I couldn't agree with you more. Adobe not having a contact email is really surprising and is making me re-evaluate my company's purchase of Creative Cloud for teams. I was hoping in a more private way to implore Adobe to end the auto-install of McAfee. This is a big no no in my company's security setup. We are a web hosting company and already have taken care of anti-virus software on every PC. We are officially forbidding the install of Adobe Flash player on all my department's machines because of this very silly Adobe decision. It is an IT nightmare to keep having to un-install McAfee off every machine. This will be a company wide policy soon.
It seems Adobe has an interest in killing Flash. They are succeeding.
Adobe offers distribution packages specifically for IT professionals that want to manage the deployment of Flash Player in their organization. This is definitely a much less painful approach than letting your users install on an ad-hoc basis.
You'll need to apply for a free distribution license to gain access to those binaries:
The system administration guide will provide everything you need on deploying and managing the automatic update behaviors of those installations.
Thank you for your prompt reply. I will review this with both my East Coast and West Coast IT department heads. I would still implore you to make McAfee an option and not force it. I do have multiple PCs at home and as a developer I find this a very tacky approach. Obviously Adobe is one of the greatest software companies in the world and shouldn't be stooping to the level of freeware that installs various back end software against the users wishes and sometimes knowledge.
Also, I have both a personal Cloud membership and my company has a Team membership. There should be a more straightforward way to contact a support rep. My company has an amazing call center that answers calls in minutes. We are nowhere near the size of Adobe. I would expect your organization to be world class in regards to support ACCESS not just support. Which means a phone number and chat link at the top of every page and under the help menu of every application. Just a thought.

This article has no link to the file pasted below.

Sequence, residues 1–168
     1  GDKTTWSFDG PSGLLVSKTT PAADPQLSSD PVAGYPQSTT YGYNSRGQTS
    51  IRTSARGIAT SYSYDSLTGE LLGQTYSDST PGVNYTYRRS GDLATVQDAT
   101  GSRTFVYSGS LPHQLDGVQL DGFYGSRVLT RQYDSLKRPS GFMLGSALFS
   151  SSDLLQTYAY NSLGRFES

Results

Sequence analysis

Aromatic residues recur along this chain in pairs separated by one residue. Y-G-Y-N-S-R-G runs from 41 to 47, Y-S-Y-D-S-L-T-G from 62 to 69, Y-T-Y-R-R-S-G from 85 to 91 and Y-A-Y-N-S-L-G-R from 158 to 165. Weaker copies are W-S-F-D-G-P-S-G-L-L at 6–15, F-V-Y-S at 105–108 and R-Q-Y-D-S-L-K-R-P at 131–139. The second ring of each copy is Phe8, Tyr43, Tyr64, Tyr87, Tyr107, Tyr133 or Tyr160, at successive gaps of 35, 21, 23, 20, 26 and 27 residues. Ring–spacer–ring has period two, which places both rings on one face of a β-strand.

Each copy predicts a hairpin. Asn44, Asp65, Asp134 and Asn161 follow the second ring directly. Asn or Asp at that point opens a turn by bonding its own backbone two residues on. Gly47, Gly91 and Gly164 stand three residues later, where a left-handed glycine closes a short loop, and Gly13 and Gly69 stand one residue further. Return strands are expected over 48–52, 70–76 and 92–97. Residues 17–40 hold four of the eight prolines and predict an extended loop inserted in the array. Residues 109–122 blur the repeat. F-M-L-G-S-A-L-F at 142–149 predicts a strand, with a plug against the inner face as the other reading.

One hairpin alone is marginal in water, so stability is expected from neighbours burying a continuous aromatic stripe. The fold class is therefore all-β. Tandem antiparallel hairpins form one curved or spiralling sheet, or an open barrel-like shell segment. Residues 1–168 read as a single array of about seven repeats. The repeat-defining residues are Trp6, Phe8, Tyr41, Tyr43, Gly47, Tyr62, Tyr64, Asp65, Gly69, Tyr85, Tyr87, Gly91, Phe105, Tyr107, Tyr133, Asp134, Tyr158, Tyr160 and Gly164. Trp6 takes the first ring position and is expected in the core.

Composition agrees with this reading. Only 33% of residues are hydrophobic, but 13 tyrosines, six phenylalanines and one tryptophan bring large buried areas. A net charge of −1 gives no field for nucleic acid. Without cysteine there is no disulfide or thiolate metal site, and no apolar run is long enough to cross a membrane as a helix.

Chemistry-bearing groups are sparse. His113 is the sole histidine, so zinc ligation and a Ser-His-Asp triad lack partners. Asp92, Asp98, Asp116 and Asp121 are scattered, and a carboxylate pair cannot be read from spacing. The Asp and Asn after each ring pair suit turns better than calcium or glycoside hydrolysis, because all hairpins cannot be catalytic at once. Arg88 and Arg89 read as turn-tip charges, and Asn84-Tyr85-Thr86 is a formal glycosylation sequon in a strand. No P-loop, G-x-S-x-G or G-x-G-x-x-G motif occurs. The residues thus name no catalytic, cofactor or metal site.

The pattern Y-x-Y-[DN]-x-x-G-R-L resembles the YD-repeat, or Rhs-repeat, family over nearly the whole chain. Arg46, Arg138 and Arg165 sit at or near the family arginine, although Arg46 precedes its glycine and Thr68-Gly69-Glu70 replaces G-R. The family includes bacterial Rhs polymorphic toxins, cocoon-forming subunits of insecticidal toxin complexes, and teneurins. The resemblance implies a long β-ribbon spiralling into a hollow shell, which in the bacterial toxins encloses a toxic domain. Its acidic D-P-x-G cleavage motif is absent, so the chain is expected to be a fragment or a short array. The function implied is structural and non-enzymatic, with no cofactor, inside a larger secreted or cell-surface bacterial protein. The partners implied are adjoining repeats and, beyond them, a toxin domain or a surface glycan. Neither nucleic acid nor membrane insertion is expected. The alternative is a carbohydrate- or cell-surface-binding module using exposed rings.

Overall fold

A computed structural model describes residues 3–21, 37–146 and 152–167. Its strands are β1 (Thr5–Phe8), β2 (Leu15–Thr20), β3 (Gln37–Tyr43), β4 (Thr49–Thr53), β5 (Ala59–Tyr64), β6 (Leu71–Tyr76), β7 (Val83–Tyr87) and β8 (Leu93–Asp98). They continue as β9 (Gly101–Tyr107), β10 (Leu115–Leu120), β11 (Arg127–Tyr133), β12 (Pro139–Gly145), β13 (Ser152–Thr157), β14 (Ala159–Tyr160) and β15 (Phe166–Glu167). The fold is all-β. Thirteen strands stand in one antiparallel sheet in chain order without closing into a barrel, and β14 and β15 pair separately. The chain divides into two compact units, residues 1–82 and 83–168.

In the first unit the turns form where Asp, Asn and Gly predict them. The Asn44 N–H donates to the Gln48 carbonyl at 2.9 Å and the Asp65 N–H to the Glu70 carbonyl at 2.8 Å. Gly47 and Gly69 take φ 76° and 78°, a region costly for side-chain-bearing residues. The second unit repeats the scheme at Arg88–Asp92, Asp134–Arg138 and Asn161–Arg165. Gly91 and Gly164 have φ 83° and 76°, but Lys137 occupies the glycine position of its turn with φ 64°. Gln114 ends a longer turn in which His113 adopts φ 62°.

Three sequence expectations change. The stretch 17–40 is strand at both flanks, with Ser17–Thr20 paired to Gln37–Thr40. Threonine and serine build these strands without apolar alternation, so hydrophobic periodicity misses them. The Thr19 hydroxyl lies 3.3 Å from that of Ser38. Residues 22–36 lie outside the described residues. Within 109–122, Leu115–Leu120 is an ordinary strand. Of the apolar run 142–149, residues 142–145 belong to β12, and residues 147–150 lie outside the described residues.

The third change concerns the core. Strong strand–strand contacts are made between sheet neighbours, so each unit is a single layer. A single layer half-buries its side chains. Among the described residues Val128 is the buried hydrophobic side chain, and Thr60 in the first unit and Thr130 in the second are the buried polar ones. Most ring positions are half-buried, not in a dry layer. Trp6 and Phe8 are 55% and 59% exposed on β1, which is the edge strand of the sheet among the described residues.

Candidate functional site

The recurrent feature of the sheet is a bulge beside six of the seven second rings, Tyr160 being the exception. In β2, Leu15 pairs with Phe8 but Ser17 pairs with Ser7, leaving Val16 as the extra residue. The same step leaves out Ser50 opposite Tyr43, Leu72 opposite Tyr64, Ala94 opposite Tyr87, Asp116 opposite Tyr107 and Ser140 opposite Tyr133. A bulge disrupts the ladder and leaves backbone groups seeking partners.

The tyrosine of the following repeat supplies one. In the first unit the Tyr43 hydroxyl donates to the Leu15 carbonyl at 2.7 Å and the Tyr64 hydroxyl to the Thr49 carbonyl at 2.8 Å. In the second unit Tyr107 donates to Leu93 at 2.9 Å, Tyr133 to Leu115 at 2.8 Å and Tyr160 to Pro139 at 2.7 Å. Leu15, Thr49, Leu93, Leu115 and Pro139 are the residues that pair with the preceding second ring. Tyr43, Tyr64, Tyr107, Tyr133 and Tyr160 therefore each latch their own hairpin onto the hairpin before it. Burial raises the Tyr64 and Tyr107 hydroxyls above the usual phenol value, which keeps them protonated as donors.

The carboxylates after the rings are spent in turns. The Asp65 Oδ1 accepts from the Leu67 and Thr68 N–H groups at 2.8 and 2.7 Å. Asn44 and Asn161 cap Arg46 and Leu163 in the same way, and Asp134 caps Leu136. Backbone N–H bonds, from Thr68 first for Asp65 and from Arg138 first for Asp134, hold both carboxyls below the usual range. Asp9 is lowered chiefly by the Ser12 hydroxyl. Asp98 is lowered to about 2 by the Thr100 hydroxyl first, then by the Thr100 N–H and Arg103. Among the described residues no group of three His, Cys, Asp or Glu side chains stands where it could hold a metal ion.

Thank you for your prompt response and your time. Have a great day.
No problem. I'm glad I could provide some useful information.
From Adobe's perspective, the bundled offers are an important cost-recovery measure for what is an otherwise extremely expensive endeavor in continuously improving, maintaining and supporting products that we offer free of charge. I'm simply an engineer on the ground, and the decisions about how we fund and staff the organization happen far, far above my pay-grade.
That said, I totally understand your objections. While you can opt-out of the bundled offer, many people click through the screens without reading and are negatively surprised by the result. The engineering staff and volunteers here on the forums take the bulk of the heat for that, but ultimately we have little control over the approach.
What I *can* do inside my sphere of influence, is provide you with good advice on how to efficiently handle managed deployments in IT organizations. We recognize that enterprise organizations are often important customers, and we voluntarily incur significant additional work and expense for the express purpose of making the lives of IT administrators easier both by providing and testing specialized distribution packages and through a huge investment in product security efforts.